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SOIL QUALITY RECOVERY IN PREVIOUSLY FARMED FIELDS SEEDED TO PERENNIAL WARM SEASON NATIVE GRASS
Mehaffey, M H., K. Kindscher, AND V. Smith. SOIL QUALITY RECOVERY IN PREVIOUSLY FARMED FIELDS SEEDED TO PERENNIAL WARM SEASON NATIVE GRASS. Presented at Ecological Society of America Annual Meeting, Spokane, WA, August 19, 1999.
The primary objectives of this research are to:
Develop methodologies so that landscape indicator values generated from different sensors on different dates (but in the same areas) are comparable; differences in metric values result from landscape changes and not differences in the sensors;
Quantify relationships between landscape metrics generated from wall-to-wall spatial data and (1) specific parameters related to water resource conditions in different environmental settings across the US, including but not limited to nutrients, sediment, and benthic communities, and (2) multi-species habitat suitability;
Develop and validate multivariate models based on quantification studies;
Develop GIS/model assessment protocols and tools to characterize risk of nutrient and sediment TMDL exceedence;
Complete an initial draft (potentially web based) of a national landscape condition assessment.
This research directly supports long-term goals established in ORDs multiyear plans related to GPRA Goal 2 (Water) and GPRA Goal 4 (Healthy Communities and Ecosystems), although funding for this task comes from Goal 4. Relative to the GRPA Goal 2 multiyear plan, this research is intended to "provide tools to assess and diagnose impairment in aquatic systems and the sources of associated stressors." Relative to the Goal 4 Multiyear Plan this research is intended to (1) provide states and tribes with an ability to assess the condition of waterbodies in a scientifically defensible and representative way, while allowing for aggregation and assessment of trends at multiple scales, (2) assist Federal, State and Local managers in diagnosing the probable cause and forecasting future conditions in a scientifically defensible manner to protect and restore ecosystems, and (3) provide Federal, State and Local managers with a scientifically defensible way to assess current and future ecological conditions, and probable causes of impairments, and a way to evaluate alternative future management scenarios.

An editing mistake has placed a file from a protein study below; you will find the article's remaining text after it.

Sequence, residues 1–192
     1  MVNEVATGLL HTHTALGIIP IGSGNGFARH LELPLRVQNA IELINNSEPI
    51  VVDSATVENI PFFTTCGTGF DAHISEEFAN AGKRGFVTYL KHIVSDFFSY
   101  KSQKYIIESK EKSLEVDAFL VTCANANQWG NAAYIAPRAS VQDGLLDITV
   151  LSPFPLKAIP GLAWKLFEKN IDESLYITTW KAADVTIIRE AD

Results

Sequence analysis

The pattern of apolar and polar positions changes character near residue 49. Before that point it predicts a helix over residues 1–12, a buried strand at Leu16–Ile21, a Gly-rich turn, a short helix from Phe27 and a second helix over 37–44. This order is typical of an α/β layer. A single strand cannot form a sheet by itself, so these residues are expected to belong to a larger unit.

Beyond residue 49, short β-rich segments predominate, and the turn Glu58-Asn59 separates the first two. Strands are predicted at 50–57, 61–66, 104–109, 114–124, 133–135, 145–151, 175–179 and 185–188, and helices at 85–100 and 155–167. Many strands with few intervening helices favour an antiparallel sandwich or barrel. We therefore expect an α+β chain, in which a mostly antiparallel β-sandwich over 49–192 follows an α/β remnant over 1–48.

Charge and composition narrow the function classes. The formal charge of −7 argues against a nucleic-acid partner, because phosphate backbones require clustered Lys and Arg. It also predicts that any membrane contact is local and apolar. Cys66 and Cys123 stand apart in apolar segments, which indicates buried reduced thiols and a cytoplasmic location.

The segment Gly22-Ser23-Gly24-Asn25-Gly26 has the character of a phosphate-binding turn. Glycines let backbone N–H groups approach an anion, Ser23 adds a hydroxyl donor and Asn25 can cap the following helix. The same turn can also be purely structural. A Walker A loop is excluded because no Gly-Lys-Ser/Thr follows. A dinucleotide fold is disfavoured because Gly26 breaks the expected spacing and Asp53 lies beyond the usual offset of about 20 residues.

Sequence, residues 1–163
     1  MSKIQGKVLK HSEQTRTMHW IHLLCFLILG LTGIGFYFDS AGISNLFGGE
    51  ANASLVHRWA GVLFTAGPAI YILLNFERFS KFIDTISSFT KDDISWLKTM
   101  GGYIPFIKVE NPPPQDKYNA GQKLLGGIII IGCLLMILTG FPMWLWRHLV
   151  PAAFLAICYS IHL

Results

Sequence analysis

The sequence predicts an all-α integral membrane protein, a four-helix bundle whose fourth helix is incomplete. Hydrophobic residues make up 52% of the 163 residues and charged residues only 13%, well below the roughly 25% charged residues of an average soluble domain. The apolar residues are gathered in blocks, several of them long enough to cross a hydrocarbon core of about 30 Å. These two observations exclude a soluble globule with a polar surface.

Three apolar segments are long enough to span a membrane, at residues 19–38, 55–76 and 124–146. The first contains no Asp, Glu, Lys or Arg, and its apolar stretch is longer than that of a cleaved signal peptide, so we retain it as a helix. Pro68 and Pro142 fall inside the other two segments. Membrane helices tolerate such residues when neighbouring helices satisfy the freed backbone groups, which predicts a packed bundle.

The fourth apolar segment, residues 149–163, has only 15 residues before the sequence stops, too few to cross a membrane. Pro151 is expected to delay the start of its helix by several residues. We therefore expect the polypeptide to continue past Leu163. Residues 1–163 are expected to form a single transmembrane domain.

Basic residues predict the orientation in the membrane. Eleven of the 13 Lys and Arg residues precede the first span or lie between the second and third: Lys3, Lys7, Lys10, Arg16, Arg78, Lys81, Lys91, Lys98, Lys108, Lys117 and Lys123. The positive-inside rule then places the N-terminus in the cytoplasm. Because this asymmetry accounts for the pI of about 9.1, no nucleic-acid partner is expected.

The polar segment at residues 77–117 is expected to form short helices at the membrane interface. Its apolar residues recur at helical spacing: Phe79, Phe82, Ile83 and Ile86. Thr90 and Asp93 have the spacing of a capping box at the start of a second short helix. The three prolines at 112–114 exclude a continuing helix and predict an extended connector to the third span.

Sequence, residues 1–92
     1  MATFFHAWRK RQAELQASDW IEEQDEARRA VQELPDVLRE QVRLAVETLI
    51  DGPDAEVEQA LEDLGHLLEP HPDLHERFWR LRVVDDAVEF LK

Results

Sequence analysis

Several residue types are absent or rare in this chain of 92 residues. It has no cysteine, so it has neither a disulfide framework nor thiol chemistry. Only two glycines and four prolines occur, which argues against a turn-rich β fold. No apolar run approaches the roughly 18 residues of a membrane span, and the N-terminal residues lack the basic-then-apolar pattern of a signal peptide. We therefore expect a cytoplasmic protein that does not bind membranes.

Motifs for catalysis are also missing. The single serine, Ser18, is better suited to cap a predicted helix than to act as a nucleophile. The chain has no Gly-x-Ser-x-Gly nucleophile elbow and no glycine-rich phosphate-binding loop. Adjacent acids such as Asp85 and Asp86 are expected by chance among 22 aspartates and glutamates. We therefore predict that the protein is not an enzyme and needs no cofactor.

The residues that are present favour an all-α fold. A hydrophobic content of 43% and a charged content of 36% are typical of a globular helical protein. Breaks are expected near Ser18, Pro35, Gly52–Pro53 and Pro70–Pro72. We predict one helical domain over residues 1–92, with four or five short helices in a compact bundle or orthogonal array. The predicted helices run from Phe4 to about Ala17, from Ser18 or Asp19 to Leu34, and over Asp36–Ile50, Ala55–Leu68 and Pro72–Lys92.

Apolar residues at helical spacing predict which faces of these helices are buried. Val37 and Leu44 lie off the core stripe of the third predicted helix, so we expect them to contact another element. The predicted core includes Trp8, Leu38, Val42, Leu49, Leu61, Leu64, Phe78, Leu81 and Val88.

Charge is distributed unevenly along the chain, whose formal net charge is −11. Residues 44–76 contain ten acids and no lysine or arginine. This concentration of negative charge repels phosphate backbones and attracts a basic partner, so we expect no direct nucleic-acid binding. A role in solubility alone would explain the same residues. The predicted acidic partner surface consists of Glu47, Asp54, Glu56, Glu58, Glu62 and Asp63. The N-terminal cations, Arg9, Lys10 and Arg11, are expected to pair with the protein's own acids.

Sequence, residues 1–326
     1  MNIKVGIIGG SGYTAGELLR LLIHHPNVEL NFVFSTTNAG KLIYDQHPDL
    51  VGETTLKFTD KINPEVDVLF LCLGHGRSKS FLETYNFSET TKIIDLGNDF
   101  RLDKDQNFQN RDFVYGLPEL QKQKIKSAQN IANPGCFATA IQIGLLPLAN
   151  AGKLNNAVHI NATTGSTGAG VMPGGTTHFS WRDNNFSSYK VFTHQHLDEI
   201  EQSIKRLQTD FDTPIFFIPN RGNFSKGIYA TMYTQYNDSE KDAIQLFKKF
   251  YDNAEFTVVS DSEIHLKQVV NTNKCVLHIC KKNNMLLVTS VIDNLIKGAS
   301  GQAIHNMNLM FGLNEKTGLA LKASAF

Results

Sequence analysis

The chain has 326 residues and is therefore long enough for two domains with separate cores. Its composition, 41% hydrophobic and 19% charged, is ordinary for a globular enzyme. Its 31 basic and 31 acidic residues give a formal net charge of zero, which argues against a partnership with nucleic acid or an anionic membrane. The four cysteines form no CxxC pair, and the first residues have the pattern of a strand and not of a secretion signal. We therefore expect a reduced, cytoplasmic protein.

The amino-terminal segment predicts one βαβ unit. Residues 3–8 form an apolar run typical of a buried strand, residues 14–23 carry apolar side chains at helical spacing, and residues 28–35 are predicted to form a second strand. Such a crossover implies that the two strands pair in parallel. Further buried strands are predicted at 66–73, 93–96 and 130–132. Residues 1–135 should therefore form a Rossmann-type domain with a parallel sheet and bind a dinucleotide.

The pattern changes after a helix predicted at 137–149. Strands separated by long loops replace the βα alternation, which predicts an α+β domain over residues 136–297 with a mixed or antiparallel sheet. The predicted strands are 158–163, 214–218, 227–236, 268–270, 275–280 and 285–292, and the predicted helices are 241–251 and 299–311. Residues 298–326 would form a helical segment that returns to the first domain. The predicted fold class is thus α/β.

A study of twelve Conservation Reserve Program sites in northeastern Kansas was conducted to determine native grass species and selected soil textures influence on soil quality recovery.
Plant productivity, plant carbon and nitrogen concentrations, total soil nitrogen and carbon, and soil pH were used to assess recovery. The variables of concern were initial seeding time (1987 to 1990 = older sites and 199 1 to 1 994= younger sites) and soil texture (silt loam vs. silty clay loam). Soil quality changes taking place in the study sites revolved around increases and decreases in the relative biomass of a limited number of species, namely the seeded perennial grasses and annuals already present in the soil seed bank. Biomass increases were greater for shoots than roots resulting in lower root to shoot ratios in older sites. Above ground biomass averaged C:N ratios of I 00 - Soil samples indicated little improvement in carbon, both younger and older sites averaged around 185 g m-'. Soil pH was only slightly lower in the older sites (5.7 vs 5.8). Soil C:N ratio was greater in the older sites, however, the increase was the result of lower total soil nitrogen (10.5 vs. 13.5 g m-' ), rather than an increase in carbon storage. Overall, little soil quality improvements are being generated during the IO year contract period of the Conservation
Reserve Program. If recovery and retention of more soil resources is to be an attainable goal, new implementation and management procedures need to be considered for species composition and soil texture selection criteria.
Record Details:Record Type: DOCUMENT (PRESENTATION/ABSTRACT)
Organization:U.S. ENVIRONMENTAL PROTECTION AGENCY
OFFICE OF RESEARCH AND DEVELOPMENT
NATIONAL EXPOSURE RESEARCH LABORATORY
ENVIRONMENTAL SCIENCES DIVISION
LANDSCAPE ECOLOGY BRANCH